The herd immunity strategy, whether you call it this or “focused protection” or “age-targeted,” has already been tried without success, notably in Kulldorff’s native country, Sweden, which with less strict measures in places—particularly among the young—ended up with more deaths than its neighbors and didn’t avoid the economic impact of the pandemic, either. Furthermore, Sweden’s robust welfare state and national health care system probably averted even more serious carnage from its approach. In the United States, with our safety net in tatters, and where we don’t have such protections in place, pursuing a herd immunity approach could spell disaster.
There are other differences that would make the Swedish experiment an exercise in folly in America: Swedes have greater faith in their government and were willing to comply with voluntary restrictions; because of their national health system, they would not lose their homes or their livelihoods if they got sick; many Swedes live alone (not in multigenerational households as is common here); Swedes also have lower rates of the comorbidities I described above that put millions and millions of Americans at high risk for complications of Covid-19.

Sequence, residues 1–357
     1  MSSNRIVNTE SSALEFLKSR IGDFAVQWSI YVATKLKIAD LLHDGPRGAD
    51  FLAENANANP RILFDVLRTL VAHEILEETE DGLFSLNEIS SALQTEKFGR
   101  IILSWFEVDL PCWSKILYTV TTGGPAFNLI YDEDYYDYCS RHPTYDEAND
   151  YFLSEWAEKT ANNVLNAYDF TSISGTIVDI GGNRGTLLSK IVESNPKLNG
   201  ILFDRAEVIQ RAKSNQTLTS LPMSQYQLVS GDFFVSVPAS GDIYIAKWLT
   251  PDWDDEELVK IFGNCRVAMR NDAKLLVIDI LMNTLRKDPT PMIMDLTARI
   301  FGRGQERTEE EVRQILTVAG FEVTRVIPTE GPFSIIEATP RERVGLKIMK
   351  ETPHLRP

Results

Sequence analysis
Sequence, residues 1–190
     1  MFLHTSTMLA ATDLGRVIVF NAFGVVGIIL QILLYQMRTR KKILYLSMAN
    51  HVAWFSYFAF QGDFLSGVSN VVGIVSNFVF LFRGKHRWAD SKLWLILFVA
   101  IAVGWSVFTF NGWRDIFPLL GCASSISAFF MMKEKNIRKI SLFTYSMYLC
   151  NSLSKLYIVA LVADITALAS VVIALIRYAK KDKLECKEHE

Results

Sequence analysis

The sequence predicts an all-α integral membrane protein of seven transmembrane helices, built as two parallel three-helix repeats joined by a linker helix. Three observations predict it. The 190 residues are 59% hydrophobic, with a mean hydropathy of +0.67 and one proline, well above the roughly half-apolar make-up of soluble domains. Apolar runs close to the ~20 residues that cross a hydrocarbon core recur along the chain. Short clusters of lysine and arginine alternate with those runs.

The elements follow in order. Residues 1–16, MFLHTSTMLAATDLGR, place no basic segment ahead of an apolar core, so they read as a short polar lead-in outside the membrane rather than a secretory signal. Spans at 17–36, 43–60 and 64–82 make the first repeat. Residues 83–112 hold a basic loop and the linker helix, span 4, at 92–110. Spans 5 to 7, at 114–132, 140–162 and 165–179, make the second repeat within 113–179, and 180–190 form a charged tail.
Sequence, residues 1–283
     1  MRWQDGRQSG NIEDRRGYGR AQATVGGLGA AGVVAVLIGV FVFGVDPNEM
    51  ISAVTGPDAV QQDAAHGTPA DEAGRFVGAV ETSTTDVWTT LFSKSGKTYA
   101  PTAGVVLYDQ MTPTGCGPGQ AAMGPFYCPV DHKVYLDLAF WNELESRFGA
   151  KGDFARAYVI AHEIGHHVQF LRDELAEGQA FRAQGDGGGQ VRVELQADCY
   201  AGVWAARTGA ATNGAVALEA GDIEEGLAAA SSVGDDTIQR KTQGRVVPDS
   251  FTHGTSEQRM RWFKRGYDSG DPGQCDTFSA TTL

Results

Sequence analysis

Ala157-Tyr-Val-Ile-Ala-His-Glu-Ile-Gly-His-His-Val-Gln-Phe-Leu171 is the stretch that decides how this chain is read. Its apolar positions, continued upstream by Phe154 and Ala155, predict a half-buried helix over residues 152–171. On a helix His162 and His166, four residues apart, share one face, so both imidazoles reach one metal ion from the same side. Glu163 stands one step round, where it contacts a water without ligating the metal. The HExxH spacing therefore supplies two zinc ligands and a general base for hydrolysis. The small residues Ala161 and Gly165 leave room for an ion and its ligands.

And that vaunted herd immunity? Even in Sweden, the proportion of the population exposed to the virus has been relatively low. Swiss epidemiologist Christian Althaus put it succinctly in an interview last month when he said the idea that Sweden would reach herd immunity was “always sort of ridiculous.… This idea that, basically 50 percent, 60 percent, 70 percent of people get infected and then the problem is solved, that was never really based on scientific foundation…. It’s very unlikely that something like that can be achieved, and even if it could be achieved, it would come—at least in countries with a population demography like European countries or the US—with a huge cost.”